I kept a setlist but then I dropped my phone and popped the battery out before I hit save in Evernote, so I lost it. But I can tell you that they did “Swingset Assassin”, a gorgeous almost a capella version, and “Should’ve California”, which made me cry, two of my favorite of Micah’s songs that they don’t drag out much these days. The crowd was still too small, but too small does mean “Two Cow takes requests”, which I never complain about. They sounded fantastic, as always. They’re great humans, as always. It was a lovely, lovely night.

Full photo set here.

top ten shows of 2010

superchunk @ the cradle

Today kicks off a couple of year end lists; tomorrow you’ll get EPs and tracks, and next week, a massive list of albums the making of which may make me more insane than usual, but which will be thorough if nothing else. Today, though: today you get my Top 10 Live Shows of 2010.

I saw 72 shows in 2010; less than 2009, but more than 2008. And, to my great delight, I didn’t see a single show I would say was a bad show, either. So making this list was hard; after the top five, all of which were standouts, there was a whole pack that could have populated 6-10. Some of these shows are here because of both the sets played and the nights themselves. And Brian & Dave have sat at the top of the list since January, when they were the first show I saw in 2010. Here’s hoping that I get to kick 2011 off with some shows as amazing.

(Not included: the 10th Annual Bristol Rhythm & Roots Reunion. Because Bristol is so far and away more amazing than anything else I do at any point in the year. And no single show can ever compete with a Bristol lineup. Even if I did get punched during the Truckers’ set this year.)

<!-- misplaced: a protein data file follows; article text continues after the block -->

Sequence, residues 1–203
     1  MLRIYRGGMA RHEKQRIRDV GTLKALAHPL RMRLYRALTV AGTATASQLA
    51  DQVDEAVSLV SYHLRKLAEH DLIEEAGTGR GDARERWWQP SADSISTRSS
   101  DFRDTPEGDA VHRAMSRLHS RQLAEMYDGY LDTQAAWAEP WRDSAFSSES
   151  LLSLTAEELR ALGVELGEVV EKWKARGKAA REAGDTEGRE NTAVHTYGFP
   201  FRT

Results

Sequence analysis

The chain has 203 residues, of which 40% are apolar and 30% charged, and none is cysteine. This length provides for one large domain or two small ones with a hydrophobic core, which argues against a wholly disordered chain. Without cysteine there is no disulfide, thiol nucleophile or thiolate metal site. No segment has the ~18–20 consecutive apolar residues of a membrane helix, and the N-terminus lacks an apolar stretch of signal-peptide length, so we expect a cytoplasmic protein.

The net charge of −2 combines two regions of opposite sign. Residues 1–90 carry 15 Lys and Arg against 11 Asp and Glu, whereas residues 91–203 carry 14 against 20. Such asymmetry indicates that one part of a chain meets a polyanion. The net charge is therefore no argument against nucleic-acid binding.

1. Brian Fallon & Dave Hause solo acoustic at the Black Cat, Washington, DC. This was my comfort go-to live set all year; Brian’s opening monologue about marriage and not cheating us out of our ticket price would have sold me, but the cover of “Ball & Chain” at the end, ugh.
  2. Two Cow Garage w/ Dave Hause at Kings Barcade, Raleigh, NC. The band that put out my favorite album of 2010, plus Dave Hause, who we are all learning is essential to good things happening. Needs more Dave Hause everywhere.
  3. Justin Townes Earle w/ Caitlin Rose at Cat’s Cradle, Carrboro, NC. Startling and stunning and gorgeous.
  4. Drive-By Truckers two-night stand at the Lincoln, Raleigh, NC. After these two sets, I smelled like beer for three days and felt like Mike Cooley had been punching me in the face all weekend. In the best way.
  5. The National w/ Owen Pallett at Memorial Auditorium, Raleigh, NC. For the a cappella set-closing version of “Vanderlyle Cry-baby Geeks” alone, but also for everything else.
  6. Ha Ha Tonka opening for Rocky Votolato at Local 506, Chapel Hill, NC. An opening set on this list? Yes. I’d been waiting more than a year to see them, and they were so far and away better than I had even hoped for, it made my heart soar.
  7. Superchunk at Cat’s Cradle, Carrboro, NC. The album release show was more polished, but lurching, deep-cut-playing, shaking-off-the-rust Superchunk was more fun.
  8. Stroke It, Noel: a Fully Orchestrated Performance of Big Star’s Third at Cat’s Cradle, Carrboro, NC. Break my heart, why don’t you.
  9. Malarkeygras w/ American Aquarium, Red Collar & Paleface at the Pour House, Raleigh, NC. The cover of “Thunder Road” that night was why I live where I live.
  10. Frightened Rabbit w/ Maps & Atlases & Bad Veins at Cat’s Cradle, Carrboro, NC. Hearing “My Backwards Walk” live was exactly what I needed at that moment in time.

Behind the jump, one photo from each show, except the Brian/Dave show, because I didn’t shoot it; the only show I didn’t shoot all year. Instead, you get a photo of Dave Hause from the Two Cow set. Substitution!

Continue reading “top ten shows of 2010”